1935 slogan of "A merry Christmas for every person in Huntington
Beach" really came about.
Bill Gallienne and members of the chamber began the holiday season
with a Yule Cheer Fund drive to raise money to bring food and gifts
to needy families during those dark Depression times.
The chamber took an added interest in seeing that Huntington Beach
would capture, for a third time, the coveted Orange County Coast
Assn's trophy for the best-decorated and most brilliantly lighted
city on the Orange County coast.
Willis Osborn of the chamber was appointed general chairman for
decorating Main Street and the entrance to our pier. His committee
worked tirelessly at turning Main Street from Pacific Coast Highway
to where the Main Street Library is today into "Christmas Tree Lane."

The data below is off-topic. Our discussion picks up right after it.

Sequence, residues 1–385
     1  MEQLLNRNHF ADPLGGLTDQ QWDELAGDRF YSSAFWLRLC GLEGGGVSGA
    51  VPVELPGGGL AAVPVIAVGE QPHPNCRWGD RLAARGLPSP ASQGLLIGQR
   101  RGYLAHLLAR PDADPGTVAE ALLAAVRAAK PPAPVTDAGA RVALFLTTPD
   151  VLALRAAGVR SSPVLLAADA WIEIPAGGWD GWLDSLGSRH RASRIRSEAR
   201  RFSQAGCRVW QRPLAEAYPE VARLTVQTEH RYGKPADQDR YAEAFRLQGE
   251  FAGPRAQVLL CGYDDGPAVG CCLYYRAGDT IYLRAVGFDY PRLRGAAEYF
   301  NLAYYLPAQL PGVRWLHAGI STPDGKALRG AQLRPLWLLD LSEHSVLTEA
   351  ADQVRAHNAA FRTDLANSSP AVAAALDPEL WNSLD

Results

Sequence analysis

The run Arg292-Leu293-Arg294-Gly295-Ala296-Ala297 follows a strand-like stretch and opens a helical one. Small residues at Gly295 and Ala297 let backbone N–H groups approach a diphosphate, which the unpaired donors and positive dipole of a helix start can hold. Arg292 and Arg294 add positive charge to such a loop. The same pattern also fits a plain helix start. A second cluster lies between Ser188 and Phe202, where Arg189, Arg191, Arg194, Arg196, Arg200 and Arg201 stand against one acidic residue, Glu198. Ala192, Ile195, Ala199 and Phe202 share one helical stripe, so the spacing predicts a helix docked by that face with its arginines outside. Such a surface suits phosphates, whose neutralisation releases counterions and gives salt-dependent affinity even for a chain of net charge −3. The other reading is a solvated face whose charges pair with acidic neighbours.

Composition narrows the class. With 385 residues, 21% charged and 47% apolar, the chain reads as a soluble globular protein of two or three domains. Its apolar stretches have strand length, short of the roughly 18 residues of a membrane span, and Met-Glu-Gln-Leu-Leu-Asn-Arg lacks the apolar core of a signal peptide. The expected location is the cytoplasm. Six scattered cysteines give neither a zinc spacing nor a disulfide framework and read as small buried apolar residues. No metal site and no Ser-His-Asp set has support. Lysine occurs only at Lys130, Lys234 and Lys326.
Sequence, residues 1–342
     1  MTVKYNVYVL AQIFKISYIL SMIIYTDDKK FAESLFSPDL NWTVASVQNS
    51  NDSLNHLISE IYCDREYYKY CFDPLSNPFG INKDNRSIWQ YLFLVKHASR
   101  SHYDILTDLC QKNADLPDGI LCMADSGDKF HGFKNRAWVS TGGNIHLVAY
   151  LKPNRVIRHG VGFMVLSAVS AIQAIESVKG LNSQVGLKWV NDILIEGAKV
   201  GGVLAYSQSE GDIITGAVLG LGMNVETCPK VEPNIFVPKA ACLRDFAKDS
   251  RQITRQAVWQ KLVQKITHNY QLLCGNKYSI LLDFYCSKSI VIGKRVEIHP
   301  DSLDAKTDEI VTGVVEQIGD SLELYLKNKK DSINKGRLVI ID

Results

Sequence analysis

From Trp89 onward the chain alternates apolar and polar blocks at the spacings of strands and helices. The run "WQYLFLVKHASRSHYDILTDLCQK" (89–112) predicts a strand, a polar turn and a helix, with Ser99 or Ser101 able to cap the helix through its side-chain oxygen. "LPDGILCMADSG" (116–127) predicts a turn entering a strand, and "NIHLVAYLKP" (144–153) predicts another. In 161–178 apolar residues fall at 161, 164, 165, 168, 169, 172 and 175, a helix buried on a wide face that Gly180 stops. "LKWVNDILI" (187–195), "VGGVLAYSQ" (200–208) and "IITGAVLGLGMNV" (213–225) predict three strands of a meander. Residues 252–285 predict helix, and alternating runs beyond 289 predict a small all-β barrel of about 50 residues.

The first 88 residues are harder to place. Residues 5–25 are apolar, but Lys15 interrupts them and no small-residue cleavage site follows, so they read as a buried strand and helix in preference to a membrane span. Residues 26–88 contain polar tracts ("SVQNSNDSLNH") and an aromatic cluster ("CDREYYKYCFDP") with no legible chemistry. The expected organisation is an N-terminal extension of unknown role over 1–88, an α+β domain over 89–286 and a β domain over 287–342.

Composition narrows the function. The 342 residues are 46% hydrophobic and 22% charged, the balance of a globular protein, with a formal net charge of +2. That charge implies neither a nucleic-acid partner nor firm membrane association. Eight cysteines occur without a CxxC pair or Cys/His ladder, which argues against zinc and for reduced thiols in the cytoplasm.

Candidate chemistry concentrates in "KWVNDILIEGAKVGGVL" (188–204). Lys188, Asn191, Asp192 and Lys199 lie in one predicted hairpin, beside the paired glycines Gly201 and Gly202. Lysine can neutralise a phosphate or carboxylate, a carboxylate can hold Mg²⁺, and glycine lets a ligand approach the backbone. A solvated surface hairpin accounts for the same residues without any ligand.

Our historic arch over Pacific Coast Highway at Main held 20
brilliantly illuminated Christmas trees atop the arch. And at the
entrance to our pier, the committee erected a huge lighted tree with
six smaller ones around it.
A stage was erected by the pier for a large 50-voice chorus.
Chamber President Delbert Burry saw to it that barrels were placed
at Downtown stores in which toys and clothing could be dropped off
for the needy. This custom is still with us with barrels at our fire
Vera Burry, Roy Patrick, J.K. Sargent and members of our fire
department assisted Burry in this effort.
Nearly every civic organization in town helped the chamber with
their yule time drive.
The First Methodist Church's Sunday school was busy working on
their Christmas play, "The Christmas Story in Scripture and in Song,"
with J. Lorenzen in charge of the project.
While at the home of Stella White, the Huntington Beach Garden
Club was rehearsing Christmas Carols for their Christmas party.
Gifts, games and carols would form a major part of their Christmas
program and each member was expected to bring a gift to the party.
Pastor L.E. Rowe was busy getting his Foursquare Gospel church in
shape for its dedication on Dec. 23 and making sure all was in
readiness for the visit of Aimee Semple McPherson, the church's